THE saying: “If your actions inspire others to dream more, learn more, do more and become more, you are a leader”, aptly captures nationalists and liberation fighters’ immense sacrifice to see a liberated Zimbabwe.
As the country prepares to mark this year’s 42nd Heroes’ Day and Defence Forces holidays next week, it is clear that the supreme sacrifices of the nation’s founding fathers were not in vain as the country is on a steady development trajectory despite being saddled with a number of challenges.
The enemy has not relented and is working round the clock to reverse the gains of the liberation struggle through illegal sanctions, sponsored acts of violence as well as financial indiscipline that has seen the prices of basic goods soaring.
However, this is not stopping patriotic Zimbabweans from chasing Vision 2030.
The country’s liberation brought with it unity, resulting in peace and political stability, the prerequisites for the nation’s development.
With the need to have access to land being the driving force behind the liberation struggle, Manicaland is playing a leading role in ensuring the attainment of Vision 2030 through agricultural production.
The province is fast leveraging on its agricultural comparative advantage to grow both the provincial and national Gross Domestic Product through avocado, bananas, citrus, coffee, macadamia, pineapple, sugarcane, tea and timber plantations.
Having been inspired by the fact that the province has all the five ecological natural regions, Manicaland’s son and Zimbabwe African National Union (ZANU) founding chairman, the late Dr Herbert Chitepo who was born at Bonda Mission in Mutasa District, was so resolute and unwavering on the land question.
Although Dr Chitepo died on March 18, 1975 in Lusaka, Zambia when a car bomb placed in his Volkswagen Beetle exploded, his aspirations on the land question have come to pass.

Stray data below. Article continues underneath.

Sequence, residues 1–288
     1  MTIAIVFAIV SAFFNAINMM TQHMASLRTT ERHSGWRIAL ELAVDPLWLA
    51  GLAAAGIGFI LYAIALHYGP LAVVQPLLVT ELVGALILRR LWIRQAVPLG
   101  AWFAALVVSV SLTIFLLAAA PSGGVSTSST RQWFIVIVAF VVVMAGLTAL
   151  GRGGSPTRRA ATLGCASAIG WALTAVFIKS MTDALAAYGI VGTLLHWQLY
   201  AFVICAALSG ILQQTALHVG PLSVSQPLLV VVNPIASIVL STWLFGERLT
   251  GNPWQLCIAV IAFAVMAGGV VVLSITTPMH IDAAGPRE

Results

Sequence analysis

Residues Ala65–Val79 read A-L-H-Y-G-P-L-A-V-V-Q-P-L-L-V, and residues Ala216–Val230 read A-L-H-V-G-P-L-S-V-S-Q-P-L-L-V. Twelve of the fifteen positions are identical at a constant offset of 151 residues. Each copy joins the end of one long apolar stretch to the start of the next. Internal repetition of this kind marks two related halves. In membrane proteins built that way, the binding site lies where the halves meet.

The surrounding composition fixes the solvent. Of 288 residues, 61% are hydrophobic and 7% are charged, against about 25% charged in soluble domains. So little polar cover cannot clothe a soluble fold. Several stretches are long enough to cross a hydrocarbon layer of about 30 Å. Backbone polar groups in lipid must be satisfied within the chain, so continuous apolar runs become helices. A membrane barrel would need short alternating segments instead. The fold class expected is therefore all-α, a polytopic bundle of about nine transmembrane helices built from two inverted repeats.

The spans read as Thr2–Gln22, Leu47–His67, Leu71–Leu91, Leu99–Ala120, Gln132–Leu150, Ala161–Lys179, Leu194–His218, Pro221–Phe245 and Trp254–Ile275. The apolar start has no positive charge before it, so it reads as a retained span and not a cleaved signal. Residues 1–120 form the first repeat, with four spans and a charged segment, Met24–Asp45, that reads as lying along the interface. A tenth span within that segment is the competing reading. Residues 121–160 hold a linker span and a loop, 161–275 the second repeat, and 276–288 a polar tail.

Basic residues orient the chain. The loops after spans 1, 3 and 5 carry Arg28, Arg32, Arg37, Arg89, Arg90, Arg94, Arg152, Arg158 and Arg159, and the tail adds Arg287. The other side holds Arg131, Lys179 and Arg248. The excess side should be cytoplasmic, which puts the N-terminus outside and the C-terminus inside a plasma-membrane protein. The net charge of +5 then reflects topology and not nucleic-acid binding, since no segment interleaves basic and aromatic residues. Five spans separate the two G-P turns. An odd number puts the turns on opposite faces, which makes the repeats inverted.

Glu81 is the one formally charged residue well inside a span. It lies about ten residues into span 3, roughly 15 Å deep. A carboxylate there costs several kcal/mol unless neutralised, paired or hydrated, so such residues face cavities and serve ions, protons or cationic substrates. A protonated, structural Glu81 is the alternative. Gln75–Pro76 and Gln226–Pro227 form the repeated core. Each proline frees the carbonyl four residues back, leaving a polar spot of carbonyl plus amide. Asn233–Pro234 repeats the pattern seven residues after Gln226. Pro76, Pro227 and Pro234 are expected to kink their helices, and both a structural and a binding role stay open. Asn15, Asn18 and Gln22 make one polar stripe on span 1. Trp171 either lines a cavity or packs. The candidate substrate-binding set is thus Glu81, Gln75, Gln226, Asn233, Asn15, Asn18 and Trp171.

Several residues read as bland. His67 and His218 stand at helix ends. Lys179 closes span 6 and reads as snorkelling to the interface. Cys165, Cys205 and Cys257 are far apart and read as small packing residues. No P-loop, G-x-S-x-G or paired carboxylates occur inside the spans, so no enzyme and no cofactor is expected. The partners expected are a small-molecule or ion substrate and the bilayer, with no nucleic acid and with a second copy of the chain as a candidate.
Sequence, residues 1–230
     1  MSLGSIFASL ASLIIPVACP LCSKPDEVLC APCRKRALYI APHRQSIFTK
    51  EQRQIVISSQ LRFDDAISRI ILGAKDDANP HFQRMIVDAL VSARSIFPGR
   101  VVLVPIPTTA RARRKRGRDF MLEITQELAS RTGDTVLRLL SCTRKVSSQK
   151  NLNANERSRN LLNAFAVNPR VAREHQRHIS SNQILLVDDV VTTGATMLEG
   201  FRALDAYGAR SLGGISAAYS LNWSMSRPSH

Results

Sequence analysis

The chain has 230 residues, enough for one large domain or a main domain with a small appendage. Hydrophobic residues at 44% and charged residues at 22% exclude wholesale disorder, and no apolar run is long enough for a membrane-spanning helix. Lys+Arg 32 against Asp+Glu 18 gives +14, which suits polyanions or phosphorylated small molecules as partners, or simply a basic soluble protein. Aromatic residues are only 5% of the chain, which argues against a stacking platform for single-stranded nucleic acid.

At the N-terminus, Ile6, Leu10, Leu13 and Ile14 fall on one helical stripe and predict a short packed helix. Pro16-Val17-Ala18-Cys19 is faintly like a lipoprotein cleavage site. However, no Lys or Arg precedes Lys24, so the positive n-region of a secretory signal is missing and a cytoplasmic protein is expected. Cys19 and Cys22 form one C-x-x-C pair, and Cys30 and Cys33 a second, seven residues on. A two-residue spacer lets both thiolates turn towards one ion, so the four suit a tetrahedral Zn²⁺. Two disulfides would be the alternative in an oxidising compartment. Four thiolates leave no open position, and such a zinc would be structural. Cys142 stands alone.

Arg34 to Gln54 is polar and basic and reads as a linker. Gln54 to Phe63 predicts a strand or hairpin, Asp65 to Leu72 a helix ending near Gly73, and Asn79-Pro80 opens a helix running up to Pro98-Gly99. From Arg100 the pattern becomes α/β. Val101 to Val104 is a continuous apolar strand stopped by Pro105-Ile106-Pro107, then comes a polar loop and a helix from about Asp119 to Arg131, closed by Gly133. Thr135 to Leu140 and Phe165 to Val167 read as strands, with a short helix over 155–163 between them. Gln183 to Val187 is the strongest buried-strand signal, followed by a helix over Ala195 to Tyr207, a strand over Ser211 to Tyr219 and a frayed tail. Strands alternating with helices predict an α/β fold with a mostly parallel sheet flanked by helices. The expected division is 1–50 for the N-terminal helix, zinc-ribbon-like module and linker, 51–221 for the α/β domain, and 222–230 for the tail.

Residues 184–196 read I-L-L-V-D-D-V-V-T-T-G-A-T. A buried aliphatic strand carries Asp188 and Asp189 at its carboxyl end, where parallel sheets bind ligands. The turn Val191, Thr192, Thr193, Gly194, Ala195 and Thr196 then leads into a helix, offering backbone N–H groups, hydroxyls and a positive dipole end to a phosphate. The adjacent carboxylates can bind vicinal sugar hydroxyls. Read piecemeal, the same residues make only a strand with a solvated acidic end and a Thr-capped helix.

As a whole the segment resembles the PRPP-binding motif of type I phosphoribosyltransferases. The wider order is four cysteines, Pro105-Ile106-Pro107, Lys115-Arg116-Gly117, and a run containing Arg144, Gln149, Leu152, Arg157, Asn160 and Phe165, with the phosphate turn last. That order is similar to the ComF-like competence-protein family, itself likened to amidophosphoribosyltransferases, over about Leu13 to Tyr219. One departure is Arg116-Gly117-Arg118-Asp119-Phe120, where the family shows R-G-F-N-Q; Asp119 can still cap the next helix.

Speaking in Australia in 1973, Dr Chitepo said: “I could go on into the whole theories of discrimination in legislation, in residency, in economic opportunities, in education. I could go into that, but I will restrict myself to the question of land because I think this is very basic. To us the essence of exploitation, the essence of white domination, is domination over land. That is the real issue.”
Without access to the means of production, the oppressor would have remained in control, hence in 1974 Dr Chitepo said: “There will be no talks, no negotiations, no discussions involving our movement until Mr Smith recognises the right to immediate majority rule. That is not majority rule tomorrow, next week, next year or whenever. It is now. Until we hear that man, the rebel leader of the rebel regime, speak those words, our war goes on and it will continue until we have liberated every acre of our country.”
Yes, until the former colonisers stop meddling in Zimbabwe’s internal affairs, her citizenry will not rest in defending their birth right.
One of the longest serving prisoners of the liberation struggle, having spent 21 years in detention, Cde Maurice Nyagumbo believed in discipline and the education of the masses for future roles.
Cde Nyagumbo died in Harare on April 20, 1989, and was buried at the national shrine on April 23, 1989.
Under Government’s Education 5.0 philosophy, education in science, technology and innovation is now more than ever more intricately connected to the multi-dimensional aspects of development, just as envisioned by Cde Nyagumbo.
In his letter to former President Mugabe and ZANU Central Committee while imprisoned at Salisbury Central Prison in June 1979, Cde Nyagumbo wrote: “Chimurenga is for the revolutionalised masses, with the revolutionalised masses and through the revolutionalised masses.
“It can be waged and won by an intelligent mobilisation on the revolutionalised masses through a genuine and sincere rational reliance on them under a concerted programme. Its operations must be consistently in the interest of the WHOLE.
“Vakomana (liberation fighters) must usher a concerted revolutionary (economically and politically) purposeful education to gear the masses consciously and responsibly for the new power base in a revolutionary Zimbabwe. It is essential to rouse and maintain their revolutionary interest and keep them well informed for they are entitled to know why and how they are being prepared to play an effective role in the new and greater responsibilities they will soon assume.